What are Working at Height Regulations?
The Health and Safety Executive (HSE) targets refurbishment projects, which means if your premises are undergoing any type of re-fit or construction work you may get a knock on the door!
In particular, they look at working at height practices. Working at height has always been a big issue in health and safety terms and rightly so as it kills more people at work on an annual basis than any other hazardous activity. In fact, 45% of all fatalities in construction were as a result of working at height with a further 581 workers seriously injured.
Many of these accidents occur because unsuitable or poorly maintained access systems are used or there is a lack of supervisory staff who may turn a blind eye to bad working practices. Often the situations could have been avoided if the work was properly planned and supervised.
The penalties for failing to plan and manage work at height properly include:
- issue of a prohibition notice which stops work until it can be completed safely (HSE)
- fees for Intervention
So you can see that you are much better off planning the work properly in the first instance than being caught out by the HSE!
In this article, we explain the Working at Height Regulations and outline the hierarchy of control that should be considered when planning work at height, together with some examples of safe access systems.
The Hierarchy of Control
When planning work at height, the aim is to minimise the time that your employees spend above the ground and that when they are at a height the access system provided is appropriate for the task.
Try and arrange the work so that most of it is carried out at ground level, for example bolting together pipework running at a high level or selecting and fitting the appropriate drill bit before going up the ladder. This is far preferable to carrying out tasks unnecessarily at height. You should also carry out a risk assessment to determine the best control measures for the job. This should take into account the task to be carried out, the surrounding environment and the competency of the employee.
When selecting control measures for work at height, the priority should be to seek to use those measures nearer the top of the list rather than those at the bottom. As with all hierarchies, the measures at the top take decision-making out of the employee’s hands and therefore are more effective. They also protect the workforce as a whole rather than just protecting the individual. Similarly, measures which prevent falls in the first instance are preferred over measures that arrest the fall. The hierarchy is as follows:
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1. Avoid Work at Height if possible
This may seem impossible, but you should consider how the work can be done differently. For example, if dusting ceilings you could provide an extendable feather duster that can be used from the ground or if decorating use a roller on an extendable pole.
2. Prevent People from Falling in the First Place
This takes the form of providing a safe working platform for the workforce, so scaffolding when working on the façade of a building or handrails along the open edge of a roof. It does not necessarily require large scaffolds to be used; an individual scaffold podium or mobile access equipment such as a cherry picker (suitable for the environment and terrain) could also be considered.
3. Minimising the Consequences of a Fall.
This is otherwise known as fall arrest. Fall arrest reduces the consequences of a worker falling by minimising the distance so that the worker does not hit the ground. This type of fall arrest can be achieved through the use of airbags, safety nets or, for individual workers, wearing a full-body harness and lanyard.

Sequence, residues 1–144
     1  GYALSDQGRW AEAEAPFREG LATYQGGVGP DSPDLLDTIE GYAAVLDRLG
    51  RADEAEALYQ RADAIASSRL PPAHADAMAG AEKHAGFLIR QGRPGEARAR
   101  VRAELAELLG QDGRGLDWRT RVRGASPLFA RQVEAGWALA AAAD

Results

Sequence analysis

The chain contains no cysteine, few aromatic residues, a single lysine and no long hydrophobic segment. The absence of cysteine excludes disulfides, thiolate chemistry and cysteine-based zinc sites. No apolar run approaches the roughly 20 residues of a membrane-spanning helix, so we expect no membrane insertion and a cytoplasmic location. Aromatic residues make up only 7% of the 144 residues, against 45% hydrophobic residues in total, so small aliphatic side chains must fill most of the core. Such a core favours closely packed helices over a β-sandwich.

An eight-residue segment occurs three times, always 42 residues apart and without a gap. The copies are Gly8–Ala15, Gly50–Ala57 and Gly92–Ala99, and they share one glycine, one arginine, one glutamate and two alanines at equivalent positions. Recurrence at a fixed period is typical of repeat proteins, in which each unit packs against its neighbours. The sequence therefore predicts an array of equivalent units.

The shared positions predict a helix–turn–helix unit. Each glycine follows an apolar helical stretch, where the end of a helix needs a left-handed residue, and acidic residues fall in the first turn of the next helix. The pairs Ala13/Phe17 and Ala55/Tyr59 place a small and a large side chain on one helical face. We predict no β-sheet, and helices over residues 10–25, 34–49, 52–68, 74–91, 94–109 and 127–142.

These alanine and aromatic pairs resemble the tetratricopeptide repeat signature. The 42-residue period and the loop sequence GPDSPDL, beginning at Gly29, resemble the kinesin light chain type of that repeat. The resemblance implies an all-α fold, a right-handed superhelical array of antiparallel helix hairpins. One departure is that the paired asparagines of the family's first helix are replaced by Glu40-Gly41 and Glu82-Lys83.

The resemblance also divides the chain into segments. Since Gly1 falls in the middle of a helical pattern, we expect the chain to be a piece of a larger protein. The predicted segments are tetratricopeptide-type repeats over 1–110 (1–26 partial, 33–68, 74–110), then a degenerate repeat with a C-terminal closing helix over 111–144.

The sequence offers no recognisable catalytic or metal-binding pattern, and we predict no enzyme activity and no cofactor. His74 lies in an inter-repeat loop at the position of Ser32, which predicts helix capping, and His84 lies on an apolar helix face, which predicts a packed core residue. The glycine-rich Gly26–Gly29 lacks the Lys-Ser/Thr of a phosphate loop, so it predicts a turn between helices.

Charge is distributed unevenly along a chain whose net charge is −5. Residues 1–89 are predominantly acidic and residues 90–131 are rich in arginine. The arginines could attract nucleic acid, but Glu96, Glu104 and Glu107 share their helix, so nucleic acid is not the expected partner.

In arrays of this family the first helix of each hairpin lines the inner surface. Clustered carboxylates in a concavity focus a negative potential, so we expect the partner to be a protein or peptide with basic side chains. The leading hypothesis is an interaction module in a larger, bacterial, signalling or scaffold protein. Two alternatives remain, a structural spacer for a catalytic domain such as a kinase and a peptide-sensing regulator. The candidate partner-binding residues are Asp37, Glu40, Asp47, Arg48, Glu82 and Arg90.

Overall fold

Air bags or crash mats are commonly used to draw alongside open-back delivery wagons where people may stand on the flatbed to offload the vehicle. Safety nets must be erected by a competent company as they must be tensioned properly; otherwise, they will sag under load. If anyone falls into the net, then the tension must be rechecked.
If using harnesses and lanyards, there are a number of safety considerations when using this equipment.
- The harness must be a full body harness as waist (climbing) harnesses will not keep the worker upright in the event of a fall.
- The worker must be trained in the use of the equipment and a rescue procedure must be in place so that the fallen person can be rescued quickly. This is because hanging in a harness has implications for the circulation of blood and there is a danger that if left hanging too long, the worker’s circulation will be affected, causing further injury or health effects.
- The lanyard must be of an appropriate length. If it is too long, it will not arrest the fall before the worker hits the ground, and if too short, it will restrict movement.
- The lanyard must be clipped to a solid anchor point that can take the weight and impact loading of the employee in the event of a fall. If the load rating of the anchor point is unknown, it should be subject to a pull-out test and the load rating determined.
Whichever control measure you select, ensure that you have properly briefed your workforce and that they are trained to use that system of work. Finally, supervise the work adequately. Do not undo all of your efforts by allowing people to walk by and ignore unsafe working practices in your workplace!
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What the Law Says
The main piece of legislation governing working at height is the Working at Height Regulations 2005 which states that work at height should be avoided in the first instance if possible. If this is not possible then the work should be properly planned and a risk assessment carried out.
The Management of Health and Safety at Work Regulations 1999 (Regulation 3) states that employers must assess the significant risks in the workplace.